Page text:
The central nervous system is divided into three
sections: hindbrain, midbrain, and forebrain. We
will discuss the hindbrain and midbrain and their
structures in this section, and we will discuss the
forebrain in the next section.
Picture showing the forebrain, midbrain, and hindbrain. In the small
drawings at the bottom, the forebrain, midbrain, and hindbrain areas
are shown in orange.
The hindbrain is at the back of the brain. The
structures in the hindbrain include the medulla,
the pons, and the cerebellum.
The medulla is a very important structure just
above the spinal cord. It controls vital reflexes
such as breathing, heart rate, vomiting, salivation,
coughing and sneezing. It accomplishes this
through the cranial nerves. The cranial nerves
control feelings from the head, muscle
movements in the head, and a lot of the
parasympathetic output to the organs, Some
cranial nerves have both sensory and motor
components. If the medulla is damaged, people
very often die.
The pons has many axons that cross from one
side of the brain to the other, and it also contains
neurons from the cranial nerves. Because of this
crossing over, the left side of the brain controls
muscles on the right side of the body and the
right side of the brain controls muscles on the left
side of the body.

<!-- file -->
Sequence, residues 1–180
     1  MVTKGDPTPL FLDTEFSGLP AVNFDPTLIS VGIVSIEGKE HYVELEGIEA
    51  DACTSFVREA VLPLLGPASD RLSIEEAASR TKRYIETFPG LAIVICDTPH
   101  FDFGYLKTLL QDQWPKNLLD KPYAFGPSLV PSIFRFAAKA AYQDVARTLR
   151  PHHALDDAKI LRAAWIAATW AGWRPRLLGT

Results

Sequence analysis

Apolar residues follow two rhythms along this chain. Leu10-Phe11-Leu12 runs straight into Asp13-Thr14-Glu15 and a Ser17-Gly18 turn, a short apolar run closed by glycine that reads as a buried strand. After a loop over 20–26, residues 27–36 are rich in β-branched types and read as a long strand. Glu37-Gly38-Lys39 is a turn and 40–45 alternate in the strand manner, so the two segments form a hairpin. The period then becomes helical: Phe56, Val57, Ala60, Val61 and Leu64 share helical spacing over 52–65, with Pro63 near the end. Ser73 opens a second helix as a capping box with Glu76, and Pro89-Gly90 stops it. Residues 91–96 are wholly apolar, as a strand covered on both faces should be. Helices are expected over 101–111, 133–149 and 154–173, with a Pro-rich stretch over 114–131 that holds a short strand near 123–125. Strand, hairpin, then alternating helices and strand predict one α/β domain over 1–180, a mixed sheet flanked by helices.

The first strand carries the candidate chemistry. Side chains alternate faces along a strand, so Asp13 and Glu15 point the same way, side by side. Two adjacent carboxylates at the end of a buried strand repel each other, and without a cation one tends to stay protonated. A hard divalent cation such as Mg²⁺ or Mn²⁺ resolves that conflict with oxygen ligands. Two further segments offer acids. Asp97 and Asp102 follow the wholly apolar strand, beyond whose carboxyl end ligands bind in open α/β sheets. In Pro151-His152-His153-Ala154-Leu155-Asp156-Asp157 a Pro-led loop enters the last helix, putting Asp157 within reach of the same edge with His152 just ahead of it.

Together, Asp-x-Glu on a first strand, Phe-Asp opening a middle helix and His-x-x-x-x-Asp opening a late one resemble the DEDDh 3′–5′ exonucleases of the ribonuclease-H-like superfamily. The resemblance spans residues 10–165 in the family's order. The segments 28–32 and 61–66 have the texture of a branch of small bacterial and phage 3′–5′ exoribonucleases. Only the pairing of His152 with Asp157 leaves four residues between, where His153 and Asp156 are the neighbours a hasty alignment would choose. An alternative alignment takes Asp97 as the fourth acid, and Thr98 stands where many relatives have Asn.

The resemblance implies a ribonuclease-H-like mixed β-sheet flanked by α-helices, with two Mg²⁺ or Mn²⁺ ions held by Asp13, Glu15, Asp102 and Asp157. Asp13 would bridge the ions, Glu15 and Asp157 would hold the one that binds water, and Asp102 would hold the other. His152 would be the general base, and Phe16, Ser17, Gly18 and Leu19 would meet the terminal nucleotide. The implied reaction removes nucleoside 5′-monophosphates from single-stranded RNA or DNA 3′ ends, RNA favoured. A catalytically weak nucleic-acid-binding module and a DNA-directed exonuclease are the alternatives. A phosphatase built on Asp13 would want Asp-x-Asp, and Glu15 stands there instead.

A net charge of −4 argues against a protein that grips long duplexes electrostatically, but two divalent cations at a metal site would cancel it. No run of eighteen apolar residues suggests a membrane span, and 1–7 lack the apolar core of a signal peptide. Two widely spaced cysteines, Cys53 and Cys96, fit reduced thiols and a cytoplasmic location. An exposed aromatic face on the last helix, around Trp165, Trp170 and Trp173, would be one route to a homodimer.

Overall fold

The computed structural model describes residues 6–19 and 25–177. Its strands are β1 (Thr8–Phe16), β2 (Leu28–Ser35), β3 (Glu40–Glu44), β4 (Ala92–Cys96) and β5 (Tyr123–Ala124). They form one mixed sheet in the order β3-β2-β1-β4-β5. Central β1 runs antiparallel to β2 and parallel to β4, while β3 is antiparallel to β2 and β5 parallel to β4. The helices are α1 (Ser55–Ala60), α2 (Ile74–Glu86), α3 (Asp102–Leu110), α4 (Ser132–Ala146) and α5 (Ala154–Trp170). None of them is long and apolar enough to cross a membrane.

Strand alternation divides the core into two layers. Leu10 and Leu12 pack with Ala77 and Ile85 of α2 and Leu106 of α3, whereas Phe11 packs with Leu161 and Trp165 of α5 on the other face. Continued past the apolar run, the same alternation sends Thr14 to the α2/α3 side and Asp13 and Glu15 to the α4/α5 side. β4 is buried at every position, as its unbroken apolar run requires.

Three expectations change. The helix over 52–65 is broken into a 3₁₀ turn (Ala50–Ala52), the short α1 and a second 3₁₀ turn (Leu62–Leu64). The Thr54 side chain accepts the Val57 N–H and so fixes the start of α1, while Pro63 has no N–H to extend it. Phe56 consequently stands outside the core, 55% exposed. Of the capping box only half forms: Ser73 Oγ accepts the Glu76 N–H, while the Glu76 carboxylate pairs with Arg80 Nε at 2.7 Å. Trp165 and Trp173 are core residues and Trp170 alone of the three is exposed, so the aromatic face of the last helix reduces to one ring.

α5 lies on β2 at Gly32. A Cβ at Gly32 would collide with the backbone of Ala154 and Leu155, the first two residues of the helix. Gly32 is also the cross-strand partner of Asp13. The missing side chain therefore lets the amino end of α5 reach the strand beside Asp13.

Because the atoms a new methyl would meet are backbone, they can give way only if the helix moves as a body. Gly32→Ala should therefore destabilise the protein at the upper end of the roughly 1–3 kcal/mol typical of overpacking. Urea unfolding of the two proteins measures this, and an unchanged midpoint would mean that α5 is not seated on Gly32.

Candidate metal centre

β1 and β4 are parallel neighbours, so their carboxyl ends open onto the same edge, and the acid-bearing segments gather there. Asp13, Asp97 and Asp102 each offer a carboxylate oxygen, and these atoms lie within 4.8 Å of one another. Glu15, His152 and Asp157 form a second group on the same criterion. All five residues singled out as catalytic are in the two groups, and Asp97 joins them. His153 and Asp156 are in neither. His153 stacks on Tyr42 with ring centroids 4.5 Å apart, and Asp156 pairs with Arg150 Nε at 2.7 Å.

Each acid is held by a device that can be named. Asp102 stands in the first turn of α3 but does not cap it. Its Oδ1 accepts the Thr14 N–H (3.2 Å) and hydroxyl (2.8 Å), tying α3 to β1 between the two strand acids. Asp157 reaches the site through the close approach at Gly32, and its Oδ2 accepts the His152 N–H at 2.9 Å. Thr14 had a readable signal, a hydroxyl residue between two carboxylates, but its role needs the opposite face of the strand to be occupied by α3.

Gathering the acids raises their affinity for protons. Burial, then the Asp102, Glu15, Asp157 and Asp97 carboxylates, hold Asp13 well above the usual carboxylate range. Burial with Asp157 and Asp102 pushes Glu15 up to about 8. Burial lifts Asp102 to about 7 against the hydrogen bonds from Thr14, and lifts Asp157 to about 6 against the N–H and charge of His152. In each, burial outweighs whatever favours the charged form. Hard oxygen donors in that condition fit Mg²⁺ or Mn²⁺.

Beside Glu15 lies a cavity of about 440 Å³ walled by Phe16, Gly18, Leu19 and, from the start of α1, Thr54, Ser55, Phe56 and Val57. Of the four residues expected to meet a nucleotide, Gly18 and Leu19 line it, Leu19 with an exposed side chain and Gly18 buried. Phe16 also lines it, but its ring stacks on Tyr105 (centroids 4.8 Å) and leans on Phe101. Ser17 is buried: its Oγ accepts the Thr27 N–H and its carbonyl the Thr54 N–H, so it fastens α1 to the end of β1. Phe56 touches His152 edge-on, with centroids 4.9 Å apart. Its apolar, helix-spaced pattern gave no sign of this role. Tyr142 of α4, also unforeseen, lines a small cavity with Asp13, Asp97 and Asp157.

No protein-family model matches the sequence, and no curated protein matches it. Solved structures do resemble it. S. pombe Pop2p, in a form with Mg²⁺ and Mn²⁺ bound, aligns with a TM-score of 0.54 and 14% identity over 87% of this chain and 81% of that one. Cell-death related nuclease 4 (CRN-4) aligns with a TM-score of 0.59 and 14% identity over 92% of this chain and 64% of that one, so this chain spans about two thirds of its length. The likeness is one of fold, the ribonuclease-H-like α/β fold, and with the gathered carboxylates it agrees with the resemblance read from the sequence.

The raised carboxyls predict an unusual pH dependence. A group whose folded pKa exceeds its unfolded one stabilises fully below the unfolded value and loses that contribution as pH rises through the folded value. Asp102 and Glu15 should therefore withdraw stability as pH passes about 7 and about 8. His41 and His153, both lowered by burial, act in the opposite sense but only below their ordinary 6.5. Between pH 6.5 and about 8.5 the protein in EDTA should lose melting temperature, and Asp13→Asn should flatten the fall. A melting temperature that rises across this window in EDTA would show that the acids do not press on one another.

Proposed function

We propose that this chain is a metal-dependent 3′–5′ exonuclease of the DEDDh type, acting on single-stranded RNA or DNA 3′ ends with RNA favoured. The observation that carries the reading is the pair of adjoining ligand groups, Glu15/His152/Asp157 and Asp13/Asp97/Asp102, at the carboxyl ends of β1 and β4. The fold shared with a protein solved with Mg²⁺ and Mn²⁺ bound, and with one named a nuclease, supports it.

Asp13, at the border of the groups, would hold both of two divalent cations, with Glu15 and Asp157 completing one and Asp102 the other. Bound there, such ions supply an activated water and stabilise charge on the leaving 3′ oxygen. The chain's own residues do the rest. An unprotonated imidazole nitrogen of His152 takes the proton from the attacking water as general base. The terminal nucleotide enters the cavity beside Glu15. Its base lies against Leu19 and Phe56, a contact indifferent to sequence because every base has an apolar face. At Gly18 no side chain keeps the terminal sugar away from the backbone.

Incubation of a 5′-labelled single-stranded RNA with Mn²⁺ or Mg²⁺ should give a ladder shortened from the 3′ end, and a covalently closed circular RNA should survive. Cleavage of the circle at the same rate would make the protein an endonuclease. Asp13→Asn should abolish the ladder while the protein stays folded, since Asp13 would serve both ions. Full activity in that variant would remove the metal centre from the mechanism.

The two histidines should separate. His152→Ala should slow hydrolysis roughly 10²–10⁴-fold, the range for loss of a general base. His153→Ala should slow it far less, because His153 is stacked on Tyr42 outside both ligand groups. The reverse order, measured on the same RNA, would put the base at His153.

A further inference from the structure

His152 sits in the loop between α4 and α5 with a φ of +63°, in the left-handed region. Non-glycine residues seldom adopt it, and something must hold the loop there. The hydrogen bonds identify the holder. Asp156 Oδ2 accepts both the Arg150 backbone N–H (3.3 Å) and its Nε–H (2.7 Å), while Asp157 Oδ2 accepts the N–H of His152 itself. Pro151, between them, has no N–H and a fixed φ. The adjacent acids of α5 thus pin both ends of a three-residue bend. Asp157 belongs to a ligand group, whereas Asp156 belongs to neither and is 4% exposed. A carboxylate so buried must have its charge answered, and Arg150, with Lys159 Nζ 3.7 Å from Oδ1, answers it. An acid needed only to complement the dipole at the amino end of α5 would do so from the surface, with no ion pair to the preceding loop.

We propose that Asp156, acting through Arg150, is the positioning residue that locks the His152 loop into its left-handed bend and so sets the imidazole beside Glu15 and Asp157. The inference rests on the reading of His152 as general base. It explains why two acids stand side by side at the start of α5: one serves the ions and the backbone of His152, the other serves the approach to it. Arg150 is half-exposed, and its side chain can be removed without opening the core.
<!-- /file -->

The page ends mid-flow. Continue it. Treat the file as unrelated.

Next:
The cerebellum is important for movement, for
balance, and for coordination. The cerebellum
has many other important functions, including
controlling the ability to shift attention between
sound and sight stimuli. It also is associated with
timing, so that a person who has damage to the
cerebellum would not be able to judge if one
rhythm is faster than another.
The midbrain is right in the middle of the brain.
The structures in the midbrain include the
superior colliculus, the inferior colliculus, the
tectum, and the substantia nigra,
The superior colliculus and the inferior colliculus
are both important routes of sensory information
to the brain.
The tectum is the roof of the midbrain.
The substantia nigra has the dopamine pathways.
Dopamine is a neurotransmitter important for
such things as eating regulation, depression, and
addictive behavior. The substantia nigra pathways
break down in people with Parkinson’s disease.